Sports conference showcases high calibre of Applied Sport research staff

Professor Emeritus Gary Hermansson was one of six College of Health staff invited to present at the New Zealand Sport Performance Conference.

Massey University was well represented at the New Zealand Sport Performance Conference held in Palmerston North last week, with six College of Health staff invited to present. Conference organiser Peter Finch highlighted the high calibre of these presenters, describing their talks as “both riveting and hugely worthwhile for the audience.”

The three-day event drew around 60 coaches and physical education teachers eager to learn more from some of New Zealand’s leading sport performance academics and professionals. The conference, held at Palmerston North Boys High School, reinforced the strong relationship between the school and Massey University, and helped promote Palmerston North as New Zealand’s foremost centre of sporting excellence, “Sport Central”.

Sport Manawatū chief executive and New Zealand’s deputy chef de mission for recent Olympic and Commonwealth Games Trevor Shailer discussed the challenges of creating a performance-based culture in a multi-sport event such as the Olympics.

Associate Professor Andy Martin’s presentation highlighted the need for coaches and teachers to “set great expectations”, facilitate and provide an environment promoting a catalyst for change. He also shared new research on the All Blacks’ team culture of “leading the legacy”.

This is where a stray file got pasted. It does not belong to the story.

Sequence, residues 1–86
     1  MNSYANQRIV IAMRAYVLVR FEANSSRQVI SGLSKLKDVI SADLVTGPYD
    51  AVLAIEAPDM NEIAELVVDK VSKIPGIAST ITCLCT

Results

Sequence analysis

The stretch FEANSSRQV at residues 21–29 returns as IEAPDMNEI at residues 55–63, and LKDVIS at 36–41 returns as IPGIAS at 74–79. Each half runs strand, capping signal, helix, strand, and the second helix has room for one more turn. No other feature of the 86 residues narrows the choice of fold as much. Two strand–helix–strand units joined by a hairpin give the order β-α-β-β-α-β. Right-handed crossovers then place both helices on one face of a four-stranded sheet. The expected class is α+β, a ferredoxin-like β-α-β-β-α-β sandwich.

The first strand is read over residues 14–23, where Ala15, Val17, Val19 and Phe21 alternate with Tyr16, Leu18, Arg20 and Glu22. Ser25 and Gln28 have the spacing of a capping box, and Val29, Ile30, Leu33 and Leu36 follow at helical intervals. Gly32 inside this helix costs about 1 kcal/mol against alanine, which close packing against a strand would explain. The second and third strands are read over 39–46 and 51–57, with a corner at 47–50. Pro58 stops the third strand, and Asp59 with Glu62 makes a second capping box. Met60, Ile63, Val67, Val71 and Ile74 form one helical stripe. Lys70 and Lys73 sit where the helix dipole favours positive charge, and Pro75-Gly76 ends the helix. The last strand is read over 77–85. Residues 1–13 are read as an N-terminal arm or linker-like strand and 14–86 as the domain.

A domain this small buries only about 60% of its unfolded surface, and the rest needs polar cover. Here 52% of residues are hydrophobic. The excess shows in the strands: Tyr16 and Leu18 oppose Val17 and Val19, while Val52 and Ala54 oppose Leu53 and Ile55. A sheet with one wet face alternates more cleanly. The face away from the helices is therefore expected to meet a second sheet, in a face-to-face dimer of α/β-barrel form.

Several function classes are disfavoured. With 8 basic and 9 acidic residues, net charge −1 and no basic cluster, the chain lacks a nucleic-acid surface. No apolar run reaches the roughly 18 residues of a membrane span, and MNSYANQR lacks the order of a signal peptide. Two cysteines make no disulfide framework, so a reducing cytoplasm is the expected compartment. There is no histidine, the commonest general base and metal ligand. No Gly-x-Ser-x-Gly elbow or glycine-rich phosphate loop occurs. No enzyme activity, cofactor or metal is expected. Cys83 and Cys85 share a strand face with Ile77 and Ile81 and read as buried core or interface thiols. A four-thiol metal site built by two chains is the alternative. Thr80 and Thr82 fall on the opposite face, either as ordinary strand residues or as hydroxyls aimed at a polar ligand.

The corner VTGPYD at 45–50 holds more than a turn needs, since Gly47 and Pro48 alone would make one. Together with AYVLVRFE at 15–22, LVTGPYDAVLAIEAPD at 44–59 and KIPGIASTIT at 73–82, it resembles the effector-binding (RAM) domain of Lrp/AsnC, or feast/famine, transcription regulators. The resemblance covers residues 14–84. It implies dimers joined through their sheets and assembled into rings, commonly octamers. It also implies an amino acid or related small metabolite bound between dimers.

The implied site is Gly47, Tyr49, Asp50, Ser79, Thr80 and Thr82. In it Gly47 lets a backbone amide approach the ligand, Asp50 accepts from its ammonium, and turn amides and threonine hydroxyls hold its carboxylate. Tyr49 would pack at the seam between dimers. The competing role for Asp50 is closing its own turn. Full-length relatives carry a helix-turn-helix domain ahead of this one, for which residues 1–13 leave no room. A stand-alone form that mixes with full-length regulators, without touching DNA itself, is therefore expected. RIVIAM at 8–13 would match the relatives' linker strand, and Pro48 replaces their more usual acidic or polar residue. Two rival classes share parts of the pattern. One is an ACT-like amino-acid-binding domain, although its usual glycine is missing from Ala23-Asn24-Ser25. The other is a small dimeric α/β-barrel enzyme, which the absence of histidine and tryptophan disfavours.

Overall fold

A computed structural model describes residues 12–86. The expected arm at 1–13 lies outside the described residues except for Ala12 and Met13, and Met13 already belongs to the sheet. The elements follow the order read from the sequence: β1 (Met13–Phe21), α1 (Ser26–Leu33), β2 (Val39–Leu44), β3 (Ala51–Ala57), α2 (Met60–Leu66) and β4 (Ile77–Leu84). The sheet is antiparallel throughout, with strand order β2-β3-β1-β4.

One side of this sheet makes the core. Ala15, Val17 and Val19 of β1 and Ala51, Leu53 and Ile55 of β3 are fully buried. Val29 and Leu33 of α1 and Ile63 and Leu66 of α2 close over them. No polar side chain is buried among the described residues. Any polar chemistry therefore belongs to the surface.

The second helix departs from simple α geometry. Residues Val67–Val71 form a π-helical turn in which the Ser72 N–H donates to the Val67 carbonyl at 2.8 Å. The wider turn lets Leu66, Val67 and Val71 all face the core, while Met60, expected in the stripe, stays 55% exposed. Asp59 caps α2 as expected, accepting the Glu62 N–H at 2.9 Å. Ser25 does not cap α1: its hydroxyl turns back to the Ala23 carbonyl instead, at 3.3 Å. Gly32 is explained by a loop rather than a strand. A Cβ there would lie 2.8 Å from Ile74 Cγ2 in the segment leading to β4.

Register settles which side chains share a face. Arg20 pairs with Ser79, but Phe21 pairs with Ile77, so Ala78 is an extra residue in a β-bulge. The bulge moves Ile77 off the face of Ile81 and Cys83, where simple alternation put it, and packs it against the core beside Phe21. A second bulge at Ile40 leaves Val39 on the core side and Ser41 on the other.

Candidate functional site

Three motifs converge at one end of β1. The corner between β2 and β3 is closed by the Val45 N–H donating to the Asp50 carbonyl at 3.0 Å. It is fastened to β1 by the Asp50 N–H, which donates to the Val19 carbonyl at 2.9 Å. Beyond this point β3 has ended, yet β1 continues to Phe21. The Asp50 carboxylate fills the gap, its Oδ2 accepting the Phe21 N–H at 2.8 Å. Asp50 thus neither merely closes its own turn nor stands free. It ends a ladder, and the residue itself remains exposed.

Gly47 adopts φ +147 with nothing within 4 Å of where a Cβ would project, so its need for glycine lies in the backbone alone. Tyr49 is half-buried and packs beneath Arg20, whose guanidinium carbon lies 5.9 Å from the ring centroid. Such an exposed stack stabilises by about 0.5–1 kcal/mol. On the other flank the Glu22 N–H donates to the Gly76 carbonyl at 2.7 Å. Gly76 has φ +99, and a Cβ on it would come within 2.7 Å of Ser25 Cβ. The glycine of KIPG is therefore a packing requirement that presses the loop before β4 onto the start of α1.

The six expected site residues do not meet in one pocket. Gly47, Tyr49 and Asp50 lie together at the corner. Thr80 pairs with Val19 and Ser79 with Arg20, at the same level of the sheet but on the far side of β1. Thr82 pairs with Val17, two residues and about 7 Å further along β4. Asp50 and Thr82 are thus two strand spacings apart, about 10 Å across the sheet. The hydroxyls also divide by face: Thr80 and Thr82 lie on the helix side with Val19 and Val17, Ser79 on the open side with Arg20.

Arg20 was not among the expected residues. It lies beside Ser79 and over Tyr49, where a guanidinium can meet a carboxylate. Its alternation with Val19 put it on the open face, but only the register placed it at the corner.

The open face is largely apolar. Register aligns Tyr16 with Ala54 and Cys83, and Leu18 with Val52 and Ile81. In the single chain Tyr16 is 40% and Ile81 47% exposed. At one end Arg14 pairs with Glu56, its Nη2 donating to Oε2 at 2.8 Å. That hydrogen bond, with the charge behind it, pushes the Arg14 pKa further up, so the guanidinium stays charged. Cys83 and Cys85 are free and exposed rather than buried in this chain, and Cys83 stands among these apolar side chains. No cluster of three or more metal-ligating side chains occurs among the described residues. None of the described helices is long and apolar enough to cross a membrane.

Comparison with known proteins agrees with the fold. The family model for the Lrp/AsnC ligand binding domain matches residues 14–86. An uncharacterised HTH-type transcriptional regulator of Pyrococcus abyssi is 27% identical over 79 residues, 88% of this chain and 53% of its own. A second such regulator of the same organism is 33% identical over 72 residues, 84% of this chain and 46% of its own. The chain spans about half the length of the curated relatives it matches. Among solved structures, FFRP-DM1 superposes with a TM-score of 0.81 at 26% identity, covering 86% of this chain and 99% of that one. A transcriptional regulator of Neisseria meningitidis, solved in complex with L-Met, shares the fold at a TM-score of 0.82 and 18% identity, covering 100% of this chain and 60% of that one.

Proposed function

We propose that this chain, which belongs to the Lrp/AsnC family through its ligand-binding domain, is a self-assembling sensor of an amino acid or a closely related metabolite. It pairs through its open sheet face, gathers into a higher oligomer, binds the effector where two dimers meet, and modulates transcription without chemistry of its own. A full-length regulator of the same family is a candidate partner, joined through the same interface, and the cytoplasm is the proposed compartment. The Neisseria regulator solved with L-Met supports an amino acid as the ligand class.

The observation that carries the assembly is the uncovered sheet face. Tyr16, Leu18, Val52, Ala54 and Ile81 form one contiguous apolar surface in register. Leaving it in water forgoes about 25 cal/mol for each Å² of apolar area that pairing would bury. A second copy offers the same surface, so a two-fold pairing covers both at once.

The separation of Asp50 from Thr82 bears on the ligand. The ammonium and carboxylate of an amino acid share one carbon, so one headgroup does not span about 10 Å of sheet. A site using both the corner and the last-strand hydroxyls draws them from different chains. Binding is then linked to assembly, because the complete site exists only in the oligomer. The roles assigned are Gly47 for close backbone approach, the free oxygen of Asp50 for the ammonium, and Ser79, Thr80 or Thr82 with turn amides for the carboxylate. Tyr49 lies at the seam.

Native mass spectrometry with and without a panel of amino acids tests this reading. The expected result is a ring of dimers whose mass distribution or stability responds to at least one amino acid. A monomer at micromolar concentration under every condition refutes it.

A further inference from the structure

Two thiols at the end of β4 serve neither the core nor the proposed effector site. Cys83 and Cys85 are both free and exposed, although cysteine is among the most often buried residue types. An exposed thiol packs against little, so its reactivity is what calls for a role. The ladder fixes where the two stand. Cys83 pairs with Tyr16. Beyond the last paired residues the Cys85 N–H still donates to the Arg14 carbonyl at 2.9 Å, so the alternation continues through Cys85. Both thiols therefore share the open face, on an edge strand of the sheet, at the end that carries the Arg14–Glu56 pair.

Associate Professor Andy Martin presenting his work on developing collective leadership and team culture.

Team culture and leadership

Physical education lecturer Lana McCarthy shared her Master’s and PhD research findings on team culture and leadership in netball to demonstrate how a high performance culture and collective leadership can be developed in high schools.

Dr Paul Macdermid reflected on his experiences as an athlete, coach and sport science lecturer, concluding that sport performance requires a more holistic approach that considers the consequences of a participant’s longevity, enjoyment and fulfilment.

Affirming Dr Macdermid’s statements, Cycling New Zealand’s Kathryn Phillips said data from a review of high performance athletes at the Rio Olympics suggests a need to reconsider what metrics are truly meaningful and helpful in the pursuit of medals.

Associate Professor Leigh Signal reinforced the fundamental importance of sleep for athletes to achieve peak sporting performance. She discussed how coaches and athletes can better manage their performance through an understanding of the role of sleep and their biological clock.

Professor Emeritus Gary Hermansson drew on his personal experience as the New Zealand Olympic Team psychologist at recent Olympic and Commonwealth Games to explain the importance of managing the partnership of mind and body under pressure.

Professor Steve Stannard also pointed out that Arthur Lydiard’s training philosophy of a long conditioning phase followed by specific conditioning was still applicable today despite advances in sport science research.

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